Profile by Jane Ledwell
I believe anyone can write a poem,” says PEI’s new poet laureate, Dianne Hicks Morrow, emphatically. “I also believe a poem can be about anything… And that for me is the whole point.” She is getting over the initial shock of her appointment to the laureate’s role and is filled with enthusiastic hopes and plans for her three-year term promoting the literary arts, and poetry in particular, in Island communities.
“PEI is already known as a place rich in poets,” she says. “I want to go further.” For a number of years, she has led classes in “Writing from Life” for the Seniors’ College at UPEI. The response from those groups to poetry has too often been, “Of course, you know, I’m no good at poetry.” Dianne says, “I want to dispel the fear of poetry, the being intimidated by poetry, and have fun.”
After all, she insists. “Poetry is everywhere. It’s in slogans and signs, big-city subways and buses. And songs!” (She adds as an aside, “I’d give anything to be a singer-songwriter, if only I could sing.”) Dianne says, “I want to reach people who never thought they could enjoy poetry. For people who never take a book of poetry out of the library: I want to change that.”
Dianne laughs that “It was a coincidence that when the announcement was made [about the Poet Laureate] I already had a February 2nd Groundhog Day reading planned at the Montague Rotary Library… This is the kind of reading I would like to do in the next three years. I want to partner with the library system across the Island,” she says. “And that ‘across the Island’ is important to me—I want it not to be Charlottetown-centred.”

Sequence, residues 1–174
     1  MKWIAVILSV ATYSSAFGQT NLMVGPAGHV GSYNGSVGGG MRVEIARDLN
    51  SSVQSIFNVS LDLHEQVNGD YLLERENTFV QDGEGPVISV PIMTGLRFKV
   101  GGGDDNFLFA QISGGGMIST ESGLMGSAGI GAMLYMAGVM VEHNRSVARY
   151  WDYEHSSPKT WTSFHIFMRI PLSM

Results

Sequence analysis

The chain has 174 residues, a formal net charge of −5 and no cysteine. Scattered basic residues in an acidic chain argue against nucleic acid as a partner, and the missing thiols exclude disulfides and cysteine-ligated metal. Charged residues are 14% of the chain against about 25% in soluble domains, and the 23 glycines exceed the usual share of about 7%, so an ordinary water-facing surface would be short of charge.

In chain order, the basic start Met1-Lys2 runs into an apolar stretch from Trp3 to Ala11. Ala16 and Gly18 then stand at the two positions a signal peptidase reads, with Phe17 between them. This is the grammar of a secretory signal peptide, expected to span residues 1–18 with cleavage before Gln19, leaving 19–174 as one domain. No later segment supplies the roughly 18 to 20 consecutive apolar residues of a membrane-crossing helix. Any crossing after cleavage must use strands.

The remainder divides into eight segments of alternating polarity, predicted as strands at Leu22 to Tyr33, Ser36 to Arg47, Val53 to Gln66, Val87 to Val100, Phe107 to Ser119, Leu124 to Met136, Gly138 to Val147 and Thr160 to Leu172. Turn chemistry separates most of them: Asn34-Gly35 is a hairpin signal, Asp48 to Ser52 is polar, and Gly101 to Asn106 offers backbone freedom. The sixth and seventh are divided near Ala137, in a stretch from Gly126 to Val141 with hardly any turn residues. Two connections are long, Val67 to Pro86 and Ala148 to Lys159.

Dianne’s own poetry has tried to demonstrate there are depths to seeming simplicity and to themes of home and family. “One of my sons said, ‘Mom, your poems are too simple,’” she recalls, “and I replied, ‘Yeah. Good.’” Her first book, Long Reach Home, came out in 2002; her second, What Really Happened Is This: A Poetry Memoir, with its honest look at the “universal theme” of parents aging and dying, was published in 2012 and won the PEI Book Award for poetry.
Ironically, Dianne was in a “prose phase” when offered the Poet Laureateship—working on a collection of stories about home renovations, mining the experience of “37 years in a 140-year-old farmhouse” and an appetite she discovered among audiences for stories of leaky houses, painting fiascos, and wallpapering disasters.
In recent poetry, Dianne has a travel-inspired suite of poems set in Mexico (where she was heading when we met for this interview) and another suite of similar length from Australia, inspired by a writer-in-residence stint in Tasmania. She worries “that won’t do for a poet laureate.” Here on PEI, it’s dramatic monologues that are piquing her poetic curiosity. “My goal is to write dramatic monologues,” she says, “but I’m still hung up on how to do this. I want to create a mythical voice…” The voices in the community that are giving her inspiration include voices of protest and prophecy she hears speaking out about social and environmental issues.
Reflecting on changes in the writing and publishing scene since the advent of The Buzz twenty years ago, she reflects instead on The Buzz, “What I love about The Buzz is that it is so inclusive and makes the arts available and inviting to people,” she says, “which is what I want to accomplish as poet laureate.”